Featured image No matter how much trouble they stir up or get themselves into, left-wing moonbats always land on their feet. Thus the recent landing of Melissa Click at Gonzaga University in Spokane, fresh off her firing from Mizzou for her widely viewed thuggish behavior. How did she do it? Her landing apparently does not have great local support in town or among Gonzaga alumni. The Spokesman-Review reports here. KREM2 reports here »

Academic Absurdity of the Week: Political Indigestion

Featured image I had to miss the annual meeting of the American Political Science Association (APSA), which just wrapped up in Philadelphia. Among other things, it deprived me of taking in important advancements in political knowledge such as this: Digestion as Political Practice in Marx, Nietzsche, and Whitman. Tripp Rebrovick, Johns Hopkins University In Event: The Bios: Food, Bodies, Life Itself Sat, September 3, 2:00 to 3:30pm, PCC, 108-B Abstract This paper »

University of Chicago to students: no safe spaces here

Featured image To me, the University of Chicago has always represented the gold standard in academic rigor and excellence in American academia. Having never attended this institution, or even visited it, I don’t know whether it deserves to be thought of this way. But my encounters with many a graduate of the University, including some fairly recent ones, has done nothing to disturb my impression, which dates back to the Saul Bellow-Allan »

And Now For Something Completely Different

Featured image As longtime readers of Power Line know, I spent the 2013-14 academic year as an inmate at the University of Colorado at Boulder, which actually was a splendid time because it is so easy to torment liberals. As I explained in my account of the year in National Review last year, “I loved to tell liberal audiences that conservatives wholly approve of the Boulder greenbelt because it makes the quarantine »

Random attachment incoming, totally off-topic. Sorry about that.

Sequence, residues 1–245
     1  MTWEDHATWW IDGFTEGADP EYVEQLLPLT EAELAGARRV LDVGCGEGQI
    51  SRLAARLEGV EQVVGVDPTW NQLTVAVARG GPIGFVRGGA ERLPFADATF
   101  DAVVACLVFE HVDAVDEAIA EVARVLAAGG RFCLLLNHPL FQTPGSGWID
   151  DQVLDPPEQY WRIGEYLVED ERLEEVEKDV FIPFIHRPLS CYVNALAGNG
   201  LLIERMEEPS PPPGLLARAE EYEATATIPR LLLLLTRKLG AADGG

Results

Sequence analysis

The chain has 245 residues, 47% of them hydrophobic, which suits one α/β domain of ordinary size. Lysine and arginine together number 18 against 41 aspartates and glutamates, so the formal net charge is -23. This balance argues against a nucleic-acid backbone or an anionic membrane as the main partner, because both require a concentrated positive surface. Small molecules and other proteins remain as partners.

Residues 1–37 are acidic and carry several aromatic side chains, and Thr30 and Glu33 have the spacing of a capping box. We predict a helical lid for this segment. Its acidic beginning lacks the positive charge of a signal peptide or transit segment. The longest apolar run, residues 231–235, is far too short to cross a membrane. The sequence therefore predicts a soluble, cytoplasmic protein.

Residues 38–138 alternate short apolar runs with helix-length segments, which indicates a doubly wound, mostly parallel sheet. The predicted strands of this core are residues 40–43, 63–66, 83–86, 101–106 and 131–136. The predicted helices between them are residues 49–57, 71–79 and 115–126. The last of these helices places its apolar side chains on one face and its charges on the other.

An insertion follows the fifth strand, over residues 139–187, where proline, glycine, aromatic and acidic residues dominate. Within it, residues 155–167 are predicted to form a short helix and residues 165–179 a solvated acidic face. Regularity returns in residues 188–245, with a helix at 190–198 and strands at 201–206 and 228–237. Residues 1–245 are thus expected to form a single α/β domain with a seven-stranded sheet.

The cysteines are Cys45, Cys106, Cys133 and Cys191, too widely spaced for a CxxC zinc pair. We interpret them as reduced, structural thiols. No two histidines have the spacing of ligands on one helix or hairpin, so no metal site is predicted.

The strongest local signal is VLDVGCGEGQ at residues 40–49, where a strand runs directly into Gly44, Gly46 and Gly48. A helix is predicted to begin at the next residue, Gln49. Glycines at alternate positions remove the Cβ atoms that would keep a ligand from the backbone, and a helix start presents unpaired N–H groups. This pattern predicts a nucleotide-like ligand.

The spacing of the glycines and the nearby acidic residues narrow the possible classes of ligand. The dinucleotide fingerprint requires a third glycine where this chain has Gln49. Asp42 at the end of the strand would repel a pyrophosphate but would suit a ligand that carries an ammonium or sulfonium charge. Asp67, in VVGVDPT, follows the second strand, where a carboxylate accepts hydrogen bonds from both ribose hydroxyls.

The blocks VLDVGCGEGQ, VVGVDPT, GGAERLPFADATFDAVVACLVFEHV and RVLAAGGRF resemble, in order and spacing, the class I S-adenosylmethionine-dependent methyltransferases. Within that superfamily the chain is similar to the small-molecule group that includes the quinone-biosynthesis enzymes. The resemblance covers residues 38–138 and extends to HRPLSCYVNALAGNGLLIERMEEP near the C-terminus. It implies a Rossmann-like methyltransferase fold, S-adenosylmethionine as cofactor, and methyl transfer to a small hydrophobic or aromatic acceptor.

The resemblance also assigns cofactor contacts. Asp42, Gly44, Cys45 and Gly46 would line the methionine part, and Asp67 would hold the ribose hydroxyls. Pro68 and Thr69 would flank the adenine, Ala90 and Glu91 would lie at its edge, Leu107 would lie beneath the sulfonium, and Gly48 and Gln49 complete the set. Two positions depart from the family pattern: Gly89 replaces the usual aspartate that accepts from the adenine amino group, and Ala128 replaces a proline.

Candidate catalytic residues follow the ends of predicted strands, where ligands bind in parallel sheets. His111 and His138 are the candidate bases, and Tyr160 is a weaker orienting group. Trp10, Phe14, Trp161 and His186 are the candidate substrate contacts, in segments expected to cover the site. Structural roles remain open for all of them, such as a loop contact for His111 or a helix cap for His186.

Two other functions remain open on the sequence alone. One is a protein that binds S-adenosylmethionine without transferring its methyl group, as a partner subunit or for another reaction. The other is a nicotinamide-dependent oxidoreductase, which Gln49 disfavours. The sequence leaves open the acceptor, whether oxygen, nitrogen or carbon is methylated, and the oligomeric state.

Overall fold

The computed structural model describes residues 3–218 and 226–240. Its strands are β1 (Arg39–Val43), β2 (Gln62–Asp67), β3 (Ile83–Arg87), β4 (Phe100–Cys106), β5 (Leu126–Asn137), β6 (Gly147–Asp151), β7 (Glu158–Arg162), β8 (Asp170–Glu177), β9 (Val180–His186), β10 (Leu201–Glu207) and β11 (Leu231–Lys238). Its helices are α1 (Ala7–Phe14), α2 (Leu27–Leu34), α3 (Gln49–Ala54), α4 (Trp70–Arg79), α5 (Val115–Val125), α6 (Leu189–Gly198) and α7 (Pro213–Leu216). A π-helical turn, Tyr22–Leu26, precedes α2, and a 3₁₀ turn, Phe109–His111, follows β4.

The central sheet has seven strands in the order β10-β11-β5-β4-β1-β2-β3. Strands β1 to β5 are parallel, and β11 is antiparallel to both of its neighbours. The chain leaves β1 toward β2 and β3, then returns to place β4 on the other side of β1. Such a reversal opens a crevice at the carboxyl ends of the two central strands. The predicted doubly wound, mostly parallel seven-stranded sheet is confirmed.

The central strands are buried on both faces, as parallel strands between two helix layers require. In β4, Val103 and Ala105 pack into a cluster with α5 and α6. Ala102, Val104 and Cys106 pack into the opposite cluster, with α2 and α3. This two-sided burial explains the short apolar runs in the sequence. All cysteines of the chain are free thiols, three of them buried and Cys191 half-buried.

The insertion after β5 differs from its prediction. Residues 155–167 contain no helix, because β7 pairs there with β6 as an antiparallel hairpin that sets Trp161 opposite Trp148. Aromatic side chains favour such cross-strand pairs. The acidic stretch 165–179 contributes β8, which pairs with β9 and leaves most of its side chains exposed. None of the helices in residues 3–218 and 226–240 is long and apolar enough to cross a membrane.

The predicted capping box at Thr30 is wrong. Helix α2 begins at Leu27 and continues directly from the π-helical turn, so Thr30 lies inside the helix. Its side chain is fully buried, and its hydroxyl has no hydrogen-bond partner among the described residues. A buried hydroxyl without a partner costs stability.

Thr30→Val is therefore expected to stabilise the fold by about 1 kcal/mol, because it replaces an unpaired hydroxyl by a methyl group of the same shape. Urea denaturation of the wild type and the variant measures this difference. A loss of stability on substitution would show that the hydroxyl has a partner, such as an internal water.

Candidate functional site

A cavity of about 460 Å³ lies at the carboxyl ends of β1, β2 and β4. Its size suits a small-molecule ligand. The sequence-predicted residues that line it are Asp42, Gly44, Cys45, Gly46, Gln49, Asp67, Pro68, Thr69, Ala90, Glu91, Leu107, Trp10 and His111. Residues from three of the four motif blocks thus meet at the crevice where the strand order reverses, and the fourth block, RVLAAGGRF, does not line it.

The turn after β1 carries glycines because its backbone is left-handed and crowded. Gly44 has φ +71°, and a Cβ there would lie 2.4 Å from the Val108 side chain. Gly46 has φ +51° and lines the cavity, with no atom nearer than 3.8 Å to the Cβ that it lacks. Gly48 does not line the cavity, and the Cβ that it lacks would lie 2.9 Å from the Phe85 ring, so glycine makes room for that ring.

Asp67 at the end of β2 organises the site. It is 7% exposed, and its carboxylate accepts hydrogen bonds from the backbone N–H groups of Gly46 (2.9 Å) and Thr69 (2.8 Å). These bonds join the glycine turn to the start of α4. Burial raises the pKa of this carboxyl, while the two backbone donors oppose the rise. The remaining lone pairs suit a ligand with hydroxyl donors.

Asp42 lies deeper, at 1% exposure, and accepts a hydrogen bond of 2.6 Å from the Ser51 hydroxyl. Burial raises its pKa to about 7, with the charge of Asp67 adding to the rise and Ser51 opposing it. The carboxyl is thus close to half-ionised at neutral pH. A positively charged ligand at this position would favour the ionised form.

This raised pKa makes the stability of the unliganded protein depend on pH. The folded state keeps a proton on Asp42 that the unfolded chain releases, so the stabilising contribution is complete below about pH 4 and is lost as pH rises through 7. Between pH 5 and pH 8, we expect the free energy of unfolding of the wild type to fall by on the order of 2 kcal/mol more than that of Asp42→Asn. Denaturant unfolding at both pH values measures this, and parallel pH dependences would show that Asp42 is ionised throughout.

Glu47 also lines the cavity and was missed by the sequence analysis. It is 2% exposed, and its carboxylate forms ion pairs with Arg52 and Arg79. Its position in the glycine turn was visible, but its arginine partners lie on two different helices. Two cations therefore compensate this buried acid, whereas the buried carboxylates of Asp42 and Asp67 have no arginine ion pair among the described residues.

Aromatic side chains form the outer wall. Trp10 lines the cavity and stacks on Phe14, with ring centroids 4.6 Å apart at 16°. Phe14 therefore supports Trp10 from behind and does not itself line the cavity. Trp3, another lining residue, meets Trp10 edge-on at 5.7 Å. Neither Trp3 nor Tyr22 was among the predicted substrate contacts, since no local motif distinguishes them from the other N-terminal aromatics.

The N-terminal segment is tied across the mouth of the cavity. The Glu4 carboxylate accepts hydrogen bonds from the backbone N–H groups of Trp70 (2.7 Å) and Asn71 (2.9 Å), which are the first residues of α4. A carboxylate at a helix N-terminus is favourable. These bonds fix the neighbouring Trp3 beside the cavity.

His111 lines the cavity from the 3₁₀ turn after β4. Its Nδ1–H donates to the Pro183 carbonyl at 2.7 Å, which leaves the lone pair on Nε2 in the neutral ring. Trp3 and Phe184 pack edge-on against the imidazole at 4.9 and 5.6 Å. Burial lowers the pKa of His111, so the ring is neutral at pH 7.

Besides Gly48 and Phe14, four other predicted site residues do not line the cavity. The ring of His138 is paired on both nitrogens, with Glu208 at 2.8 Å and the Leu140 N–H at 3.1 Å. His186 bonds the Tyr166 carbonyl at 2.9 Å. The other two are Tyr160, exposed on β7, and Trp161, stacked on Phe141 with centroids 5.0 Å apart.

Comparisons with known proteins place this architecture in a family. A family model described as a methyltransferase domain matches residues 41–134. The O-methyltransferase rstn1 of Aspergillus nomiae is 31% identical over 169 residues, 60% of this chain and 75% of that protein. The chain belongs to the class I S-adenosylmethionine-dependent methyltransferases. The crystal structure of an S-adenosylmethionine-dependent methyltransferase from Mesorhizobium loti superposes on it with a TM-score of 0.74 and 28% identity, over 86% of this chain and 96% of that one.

How the GOP feeds the PC beast

Featured image John Fund reports that congressional Republicans increased the Department of Education’s Office for Civil Rights with a very generous budget increase last year. Fund takes up the matter in the NR column “How Republicans feed the beast of political correctness.” OCR is perhaps the most left-wing office in the federal bureaucracy. Bankrolling it that way Congress did was an egregious error (for which they were rewarded with the transgender guidance). »

Name/rename this

Featured image In a recent dispatch from the cultural revolution on campus, the Office of the President of Yale University has posted the following announcement: Committee to Establish Principles on Renaming In recent years, and with increasing intensity during the past year, a wide-ranging conversation has taken place at Yale and elsewhere about the role of naming and renaming in acknowledging and confronting our history. Although decisions at Yale and other universities »

U. of Houston student leader punished for “All Lives Matter” post

Featured image Rohini Sethi is the student body Vice President at the University of Houston. After the assassination of five Dallas police officers at a Black Lives Matter inspired rally, she wrote on Facebook: “Forget #BlackLivesMatter; more like #AllLivesMatter.” Sethi quickly deleted the comment, but it nonetheless generated outrage. In response, Sethi issued a statement in which she called her comment “inappropriate.” She said it was an emotional response to the tragic »

God and clown at Yale

Featured image If you’re trying to understand the madness that has overtaken university campuses, Yale presents an important case study. My daughter Eliana takes a look at Yale’s ordeal in the current NR article “This is not a debate.” It’s a reported piece that seems to me to give readers the information necessary to understand the case for themselves. For me the article has a personal component. Eliana takes the story back »

Affirmative action forever

Featured image In an opinion issued this morning, Justice Kennedy joined the Supreme Court’s four liberals to uphold the University of Texas’s “affirmative action” program in the Fisher case. This is the case’s second trip to the Court. It won’t be coming back. The Court’s opinion today is posted here. The Court’s 2013 opinion in Fisher I (as the Court refers to it) is posted here. I think today’s result is disappointing, »